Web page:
Perhaps that title is a little more dramatic than what actually happened, but in my imagination, it’s the truth.
One of the perks of being married to an airline pilot–in theory–is free standby travel. If one has hours to spend at the airport, doesn’t have to arrange childcare, or doesn’t have a job with regular hours, this could be a wonderful benefit of being married to someone who is home as often as he is away. But I digress.
I left for Florida to visit a longtime friend who I first met when our husbands were both stationed at their first training squadrons. We had been hired to teach English at the same high school and had both been promised the head JV girls’ soccer coach position. Our first year at New Bern High School made us colleagues who were united in our distaste for the county’s decision that we needed (remedial) new teacher training; after all, my license was from Virginia, and hers was from New York. When there weren’t enough girls to field a full JV team, we were promoted/demoted to assistant varsity coaches, and our friendship blossomed as we navigated life together while our pilot husbands did whatever the Marine Corps told them to do.
Twenty years later, our husbands are still flying. Both have retired from the Corps, and both are employed by the same airline. Her family has expanded to two dogs, two cats, and a 15-year-old daughter. She’s still coaching, and I’m still teaching. She lives at sea level, and I can see the mountains from my porch; we’re both still figuring out what we want to do with our lives, and she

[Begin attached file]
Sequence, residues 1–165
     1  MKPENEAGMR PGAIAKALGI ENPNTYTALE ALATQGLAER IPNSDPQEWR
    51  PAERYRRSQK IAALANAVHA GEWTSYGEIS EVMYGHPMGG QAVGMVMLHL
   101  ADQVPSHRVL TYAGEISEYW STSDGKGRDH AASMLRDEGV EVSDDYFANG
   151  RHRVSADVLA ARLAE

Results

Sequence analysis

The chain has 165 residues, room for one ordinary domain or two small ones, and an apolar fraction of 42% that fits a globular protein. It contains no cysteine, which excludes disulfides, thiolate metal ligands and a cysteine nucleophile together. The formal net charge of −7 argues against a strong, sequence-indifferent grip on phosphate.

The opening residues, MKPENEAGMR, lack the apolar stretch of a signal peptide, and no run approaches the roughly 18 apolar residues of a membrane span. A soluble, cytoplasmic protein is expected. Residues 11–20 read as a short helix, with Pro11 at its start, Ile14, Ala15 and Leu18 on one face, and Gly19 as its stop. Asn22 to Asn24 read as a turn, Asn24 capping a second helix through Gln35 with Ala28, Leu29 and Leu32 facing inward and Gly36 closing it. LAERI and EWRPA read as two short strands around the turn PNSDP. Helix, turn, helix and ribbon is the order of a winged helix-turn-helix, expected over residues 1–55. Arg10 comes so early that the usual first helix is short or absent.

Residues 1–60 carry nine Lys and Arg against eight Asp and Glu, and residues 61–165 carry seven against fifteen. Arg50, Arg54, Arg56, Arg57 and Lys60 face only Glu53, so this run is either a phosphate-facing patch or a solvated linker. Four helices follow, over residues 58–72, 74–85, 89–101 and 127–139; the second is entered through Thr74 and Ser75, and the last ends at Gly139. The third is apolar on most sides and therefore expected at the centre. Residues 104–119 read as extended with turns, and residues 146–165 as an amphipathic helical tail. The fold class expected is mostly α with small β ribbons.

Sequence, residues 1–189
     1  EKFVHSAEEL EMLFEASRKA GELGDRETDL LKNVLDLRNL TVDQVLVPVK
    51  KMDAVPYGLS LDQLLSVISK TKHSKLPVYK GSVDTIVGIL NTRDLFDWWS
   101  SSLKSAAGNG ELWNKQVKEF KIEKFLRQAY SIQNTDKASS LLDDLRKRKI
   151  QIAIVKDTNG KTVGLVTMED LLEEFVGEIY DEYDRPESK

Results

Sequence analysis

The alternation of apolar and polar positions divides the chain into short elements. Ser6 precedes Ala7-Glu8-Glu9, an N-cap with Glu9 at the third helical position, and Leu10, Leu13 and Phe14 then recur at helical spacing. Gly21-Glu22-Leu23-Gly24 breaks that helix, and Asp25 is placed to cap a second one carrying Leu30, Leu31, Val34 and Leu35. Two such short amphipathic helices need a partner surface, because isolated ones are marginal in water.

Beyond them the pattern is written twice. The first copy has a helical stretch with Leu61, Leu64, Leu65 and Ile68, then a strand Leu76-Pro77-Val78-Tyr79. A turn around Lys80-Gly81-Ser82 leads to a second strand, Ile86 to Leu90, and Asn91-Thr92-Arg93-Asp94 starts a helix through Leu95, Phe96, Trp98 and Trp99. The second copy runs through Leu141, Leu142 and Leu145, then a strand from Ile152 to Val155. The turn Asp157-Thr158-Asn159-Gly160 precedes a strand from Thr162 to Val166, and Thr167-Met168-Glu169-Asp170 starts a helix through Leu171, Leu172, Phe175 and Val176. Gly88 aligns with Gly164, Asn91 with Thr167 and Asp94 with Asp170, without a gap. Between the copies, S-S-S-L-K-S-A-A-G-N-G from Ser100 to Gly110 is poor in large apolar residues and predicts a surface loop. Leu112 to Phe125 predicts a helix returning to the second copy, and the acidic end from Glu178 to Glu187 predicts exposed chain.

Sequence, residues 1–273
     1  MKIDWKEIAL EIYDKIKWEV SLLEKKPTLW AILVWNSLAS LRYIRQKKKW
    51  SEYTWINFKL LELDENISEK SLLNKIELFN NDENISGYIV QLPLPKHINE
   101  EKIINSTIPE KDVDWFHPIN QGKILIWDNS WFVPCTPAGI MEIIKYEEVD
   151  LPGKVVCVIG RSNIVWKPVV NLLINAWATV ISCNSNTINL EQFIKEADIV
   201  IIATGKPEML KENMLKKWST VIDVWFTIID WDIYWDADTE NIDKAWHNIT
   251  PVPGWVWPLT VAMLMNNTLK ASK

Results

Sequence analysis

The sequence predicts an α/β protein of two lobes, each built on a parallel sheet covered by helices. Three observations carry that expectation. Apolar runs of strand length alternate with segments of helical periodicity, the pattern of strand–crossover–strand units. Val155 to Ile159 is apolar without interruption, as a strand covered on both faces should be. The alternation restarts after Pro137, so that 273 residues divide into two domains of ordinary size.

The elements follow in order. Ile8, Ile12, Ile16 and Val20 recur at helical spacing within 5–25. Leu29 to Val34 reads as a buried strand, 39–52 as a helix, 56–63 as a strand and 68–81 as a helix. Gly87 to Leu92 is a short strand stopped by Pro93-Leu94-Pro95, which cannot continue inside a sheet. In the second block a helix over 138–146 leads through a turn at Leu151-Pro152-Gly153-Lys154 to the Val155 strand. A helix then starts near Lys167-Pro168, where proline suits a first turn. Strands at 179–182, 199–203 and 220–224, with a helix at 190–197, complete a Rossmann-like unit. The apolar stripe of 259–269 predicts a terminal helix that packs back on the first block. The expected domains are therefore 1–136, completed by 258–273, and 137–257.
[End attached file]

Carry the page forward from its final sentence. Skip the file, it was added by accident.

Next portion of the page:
strong-armed coaxed me into flying down yesterday.
Because I’m having a crisis. Since I’m 45, I suppose I could call this a midlife crisis even though I’m not sure I want to live to the age of 90.
My girls are 17, almost-15, and 12 years old, but it feels like they are really 7 years, 15 years, and 12 months old emotionally. To paraphrase Olivia’s mother, they exhaust me.
The girls’ emotional and physical needs deplete my slim reserves of sanity, and Ryan’s recent two-week flying stint hasn’t allowed me much chance for rest. Essentially I’m a single parent, but my husband doesn’t appreciate it when I give myself this title. And though my parents are able to assist with carpools and chauffeur the girls to lessons and appointments, I still have many days where I dream of running away to a place where I have no responsibilities.
So I did. Run away, that is. And then I found myself writing emails this morning, calling to check on an errant child, and wondering what it would actually take to stop meddling in my children’s lives. The answer is that I have no idea.
For now I will make myself content with the company of Piper and Moose and another cup of coffee. I’ve gone for a run, I have a mindless book to finish before I tackle 1 Henry IV, and I’m at the mercy of someone else’s errands and to-do list. In all, it looks like a promising day.